By HELEN TUNNAH deputy political editor

Politicians have voted to decriminalise prostitution.

In a narrow vote yesterday, they approved a new law allowing the running of brothels and soliciting.

The Prostitution Reform Bill was passed 60 votes to 59 after New Zealand's first Muslim MP, Ashraf Choudhary, abstained.


His decision not to vote came after he experienced intense lobbying from both sides of the debate.

It was enough to allow the controversial new law to pass.

Dr Choudhary, a Labour list MP, previously opposed the changes. Yesterday, he did not say why he abstained.

"That's just how I felt," he told the Herald.

The passage of the bill after the conscience vote was greeted with cheers and applause from a packed public gallery.

The bill's sponsor, Labour MP Tim Barnett, said he was delighted but "numb".

Under the previous laws, prostitution was not illegal but acts associated with it, such as soliciting, pimping and brothel-keeping, were.

The bill allows court-approved people to operate brothels and to live off the earnings of sex workers.


It also requires brothels, clients and prostitutes to practise safe sex to reduce the spread of sexually transmitted diseases, perhaps through the compulsory use of condoms.

Prostitutes can now ask for an employment contract, and are protected by health and safety laws.

Critics of the bill argued the new law could not be enforced, and said brothels were now vulnerable to gang or criminal involvement.

They also said decriminalising prostitution would make it more acceptable.

Police backed away from supporting the bill this week, saying the way it was written opened the sex industry to exploitation.

Politicians have worked on the bill for almost three years, and last night Mr Barnett said the overwhelming feeling after the vote would be one of relief.

He rejected opponents' claim that he wanted to "normalise" prostitution, saying he was trying to replace an outdated, biased and largely unenforced law.

"It does not seek to label prostitution as normal, but it does accept its inevitability."

Mr Barnett said MPs had two choices. They could agree to a law which best protected sex workers while protecting community sensitivities, or they could accept the status quo with all its faults.

He said the state licensed massage parlours, knowing they were a front for prostitution.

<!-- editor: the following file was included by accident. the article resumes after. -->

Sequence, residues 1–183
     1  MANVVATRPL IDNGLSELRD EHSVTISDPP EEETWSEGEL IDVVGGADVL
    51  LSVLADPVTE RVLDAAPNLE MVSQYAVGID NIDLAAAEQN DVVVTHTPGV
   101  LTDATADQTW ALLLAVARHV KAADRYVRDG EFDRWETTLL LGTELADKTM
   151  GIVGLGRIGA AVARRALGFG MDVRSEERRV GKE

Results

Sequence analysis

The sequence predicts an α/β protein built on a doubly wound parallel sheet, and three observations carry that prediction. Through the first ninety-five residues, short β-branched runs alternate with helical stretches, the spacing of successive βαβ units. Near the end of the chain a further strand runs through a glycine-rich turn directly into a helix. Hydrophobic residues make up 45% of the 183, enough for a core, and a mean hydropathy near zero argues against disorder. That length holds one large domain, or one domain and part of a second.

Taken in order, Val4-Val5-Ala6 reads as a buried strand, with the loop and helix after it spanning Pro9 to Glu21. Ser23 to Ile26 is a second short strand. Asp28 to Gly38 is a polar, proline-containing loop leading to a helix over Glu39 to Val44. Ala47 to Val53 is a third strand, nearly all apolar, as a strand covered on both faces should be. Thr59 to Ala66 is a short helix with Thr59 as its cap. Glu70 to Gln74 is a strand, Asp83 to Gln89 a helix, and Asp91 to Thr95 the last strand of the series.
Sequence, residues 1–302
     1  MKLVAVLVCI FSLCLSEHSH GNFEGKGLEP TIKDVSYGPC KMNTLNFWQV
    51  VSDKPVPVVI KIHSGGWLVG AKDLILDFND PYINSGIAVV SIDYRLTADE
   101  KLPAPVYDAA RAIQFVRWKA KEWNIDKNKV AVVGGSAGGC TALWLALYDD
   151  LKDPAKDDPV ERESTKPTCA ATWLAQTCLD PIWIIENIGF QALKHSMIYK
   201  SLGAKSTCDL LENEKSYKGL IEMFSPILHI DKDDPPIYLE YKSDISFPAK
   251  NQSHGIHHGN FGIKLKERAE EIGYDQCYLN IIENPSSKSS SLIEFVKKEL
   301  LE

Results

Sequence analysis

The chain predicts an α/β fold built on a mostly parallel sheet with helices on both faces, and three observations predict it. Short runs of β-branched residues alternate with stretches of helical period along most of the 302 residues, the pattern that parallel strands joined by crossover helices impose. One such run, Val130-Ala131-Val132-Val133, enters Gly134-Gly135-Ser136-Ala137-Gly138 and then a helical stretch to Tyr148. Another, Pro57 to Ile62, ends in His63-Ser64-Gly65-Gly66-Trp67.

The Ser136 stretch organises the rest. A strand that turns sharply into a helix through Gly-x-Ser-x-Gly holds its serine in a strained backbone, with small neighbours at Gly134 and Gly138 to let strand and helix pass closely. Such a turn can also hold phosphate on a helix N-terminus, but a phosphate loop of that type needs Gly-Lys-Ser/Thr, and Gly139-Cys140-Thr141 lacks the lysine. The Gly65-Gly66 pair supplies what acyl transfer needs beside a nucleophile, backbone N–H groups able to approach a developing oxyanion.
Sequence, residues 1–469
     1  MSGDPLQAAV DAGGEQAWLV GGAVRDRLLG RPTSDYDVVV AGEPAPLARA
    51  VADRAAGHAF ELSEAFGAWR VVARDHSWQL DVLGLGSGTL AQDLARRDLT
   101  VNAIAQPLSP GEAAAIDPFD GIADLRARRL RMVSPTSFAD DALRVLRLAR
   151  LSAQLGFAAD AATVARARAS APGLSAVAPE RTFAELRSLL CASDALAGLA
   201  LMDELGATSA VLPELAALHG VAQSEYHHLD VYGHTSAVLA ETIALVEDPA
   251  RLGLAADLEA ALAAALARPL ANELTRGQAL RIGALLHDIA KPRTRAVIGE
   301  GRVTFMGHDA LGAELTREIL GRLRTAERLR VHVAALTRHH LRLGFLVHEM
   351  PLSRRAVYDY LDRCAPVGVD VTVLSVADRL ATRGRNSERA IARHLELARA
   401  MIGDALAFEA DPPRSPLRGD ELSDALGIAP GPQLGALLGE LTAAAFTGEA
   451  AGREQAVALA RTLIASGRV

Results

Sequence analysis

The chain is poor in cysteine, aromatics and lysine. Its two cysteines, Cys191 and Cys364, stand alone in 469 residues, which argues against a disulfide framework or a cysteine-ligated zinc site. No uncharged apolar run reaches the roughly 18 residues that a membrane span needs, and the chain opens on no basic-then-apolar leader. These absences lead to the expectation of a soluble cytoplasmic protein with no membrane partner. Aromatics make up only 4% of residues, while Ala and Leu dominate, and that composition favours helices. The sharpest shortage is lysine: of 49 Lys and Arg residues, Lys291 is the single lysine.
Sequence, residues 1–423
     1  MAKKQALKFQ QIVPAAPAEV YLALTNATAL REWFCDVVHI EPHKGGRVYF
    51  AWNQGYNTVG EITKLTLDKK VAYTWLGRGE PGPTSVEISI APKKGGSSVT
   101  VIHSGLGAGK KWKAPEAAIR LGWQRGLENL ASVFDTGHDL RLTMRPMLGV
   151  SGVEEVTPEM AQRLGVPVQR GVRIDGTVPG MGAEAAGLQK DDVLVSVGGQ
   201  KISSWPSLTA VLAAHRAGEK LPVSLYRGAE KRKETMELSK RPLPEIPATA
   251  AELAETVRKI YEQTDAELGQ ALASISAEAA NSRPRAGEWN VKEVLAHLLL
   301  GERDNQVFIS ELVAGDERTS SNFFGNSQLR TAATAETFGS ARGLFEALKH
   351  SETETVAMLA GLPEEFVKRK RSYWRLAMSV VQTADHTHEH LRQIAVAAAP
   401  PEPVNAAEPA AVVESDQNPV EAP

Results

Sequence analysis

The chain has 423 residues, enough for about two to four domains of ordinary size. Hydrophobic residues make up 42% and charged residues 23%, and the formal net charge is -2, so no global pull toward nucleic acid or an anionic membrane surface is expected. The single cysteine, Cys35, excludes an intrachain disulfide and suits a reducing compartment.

Supporters of the bill in the public gallery included Prostitutes Collective and Rape Crisis workers.

They applauded Mr Barnett's final speech, but his criticism of church groups who opposed the bill was attacked by his political rivals.

National MP Nick Smith said he wanted prostitution laws toughened to make it a crime to pay for sex.

Decriminalising prostitution should be judged not on what was best for sex workers, but what was best for New Zealand society.

Dr Smith said prostitution cheapened sex and was nothing more than "paid rape".

He held his head in his hands when the result of the vote was announced.

An emotional plea to pass the law came from the one MP with experience of the sex trade, the country's first transsexual MP, Georgina Beyer.

"I support this bill for all the prostitutes I've ever known who have died before the age of 20 because of the inhumanity and hypocrisy of a society that would not allow them, or give them the chance, to ever redeem whatever circumstances made them arrive in this industry."

One of the bill's strongest supporters was Green MP Sue Bradford, who urged women MPs and those who considered themselves feminists to support Mr Barnett.

"Restrictive laws merely encourage violence, trafficking, rape and the spread of HIV/Aids, not the opposite."

Labour MP Winnie Laban, whose last-minute support was crucial to the bill's success, said she would have been a hypocrite to vote against it. She faced strong lobbying from the large number of churches in her Mana electorate.

"I advocate for social and economic inclusion and then to turn around [it would] be quite hypocritical to say no to this group they can't have the same protection."